Sophie Hunger - The Danger of Light (Review)
Review by Jack Foley
SWITZERLAND’S Sophie Hunger serves notice of her immense talent with the release of her striking third album The Danger of Light.
Featuring lyrics that segue seamlessly between languages, admist climatic instrumental breaks which are peppered with muted brass and intricate guitar figures, this is an eclectic listen that offers something for everyone to enjoy.
Admittedly, there are some tracks that require more getting used to, while those sung in her native tongue (which meticulously composed) don’t always translate as well as those in the English language.
But when she serves up a highlight, the result is quite often breathtaking and never the same twice.
Take the jazz-funk of Holy Hells as a prime example… a song that unleashes a striking, confident set of vocals against a snappy percussion and some cool stabs of brass. It’ll get those toes tapping.
And yet such a moment comes in stark contrast to another favourite, the dusky, stripped back and utterly smoky Can You See Me?, a moment that finds Hunger at her most intimate and sensitive. The musical arrangements are stunning.
There’s a classic jazz shuffle to the playful LikeLikeLike with Hunger once more adapting her vocal style to come over more playful. The piano arrangements here are great and hark back to a more traditional style.
Souldier, meanwhile, has a sombre piano arrangement that’s very cinematic, neatly complimenting the moody lyrics to serve up another easy pick.
Album opener Rerevolution sets things in motion in typically impressive fashion amid some urgent piano chimes, while Take A Turn ends things in soothing fashion, the song set against some lush acoustic strumming and more intelligent lyricism, before rounding things off with some Dylan-esque harmonica.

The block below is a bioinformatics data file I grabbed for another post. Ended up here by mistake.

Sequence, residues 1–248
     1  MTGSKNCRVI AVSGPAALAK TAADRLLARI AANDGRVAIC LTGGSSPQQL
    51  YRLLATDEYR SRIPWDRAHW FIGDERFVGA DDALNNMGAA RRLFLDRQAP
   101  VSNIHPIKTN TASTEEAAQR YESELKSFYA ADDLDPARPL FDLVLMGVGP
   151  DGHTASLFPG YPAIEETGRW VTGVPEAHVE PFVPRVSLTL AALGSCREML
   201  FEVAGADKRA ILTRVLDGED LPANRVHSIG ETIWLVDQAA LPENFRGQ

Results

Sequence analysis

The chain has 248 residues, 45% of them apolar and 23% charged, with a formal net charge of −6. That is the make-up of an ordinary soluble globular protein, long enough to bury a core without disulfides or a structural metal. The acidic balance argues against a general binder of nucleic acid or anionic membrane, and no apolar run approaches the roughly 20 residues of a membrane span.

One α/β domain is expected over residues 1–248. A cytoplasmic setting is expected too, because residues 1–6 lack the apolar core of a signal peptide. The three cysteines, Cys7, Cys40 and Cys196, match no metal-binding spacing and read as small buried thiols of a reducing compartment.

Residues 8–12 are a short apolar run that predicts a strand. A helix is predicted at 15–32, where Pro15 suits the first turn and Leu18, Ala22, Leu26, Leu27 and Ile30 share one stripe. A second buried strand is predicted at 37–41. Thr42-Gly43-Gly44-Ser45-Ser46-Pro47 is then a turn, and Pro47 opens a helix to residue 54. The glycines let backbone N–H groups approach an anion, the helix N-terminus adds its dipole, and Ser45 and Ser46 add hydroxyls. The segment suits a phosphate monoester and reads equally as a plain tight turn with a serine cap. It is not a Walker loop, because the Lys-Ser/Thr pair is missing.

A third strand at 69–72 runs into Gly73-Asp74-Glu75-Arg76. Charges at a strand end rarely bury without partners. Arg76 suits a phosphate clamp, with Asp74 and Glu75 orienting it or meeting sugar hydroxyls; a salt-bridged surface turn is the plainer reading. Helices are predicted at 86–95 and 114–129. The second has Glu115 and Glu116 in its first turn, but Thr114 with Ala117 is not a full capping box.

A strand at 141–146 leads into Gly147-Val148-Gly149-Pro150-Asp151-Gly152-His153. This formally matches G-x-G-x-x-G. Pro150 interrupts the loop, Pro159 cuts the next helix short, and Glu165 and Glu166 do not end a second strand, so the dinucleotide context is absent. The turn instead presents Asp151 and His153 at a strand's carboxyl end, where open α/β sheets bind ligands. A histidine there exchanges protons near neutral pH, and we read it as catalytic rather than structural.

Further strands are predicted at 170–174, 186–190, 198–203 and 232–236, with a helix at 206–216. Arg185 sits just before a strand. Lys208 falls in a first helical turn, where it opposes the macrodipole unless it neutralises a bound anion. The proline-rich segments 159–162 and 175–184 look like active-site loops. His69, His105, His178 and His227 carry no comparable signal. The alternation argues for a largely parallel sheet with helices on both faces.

For those who don’t know her yet, Hunger was raised the daughter of a diplomat between homes in Switzerland, Germany and the UK, and was weaned on an idiosyncratic musical diet of classical music and jazz.
Her less than ordinary life is reflected across her work. She recorded her first album, Sketches By The Sea, in her own front room and went on to sell several thousand copies through word of mouth alone.
Her subsequent studio release Monday’s Ghost and 1983 both went to Number 1 in the Swiss album charts and she impressed last year on the John Peel Glastonbury Stage at Glastonbury.
This latest collection of songs only looks set to raise her profile and global appeal still higher.
Download picks: Rerevolution, LikeLikeLike, Can You See Me?, Holy Hells, Take A Turn, The Fallen, Souldier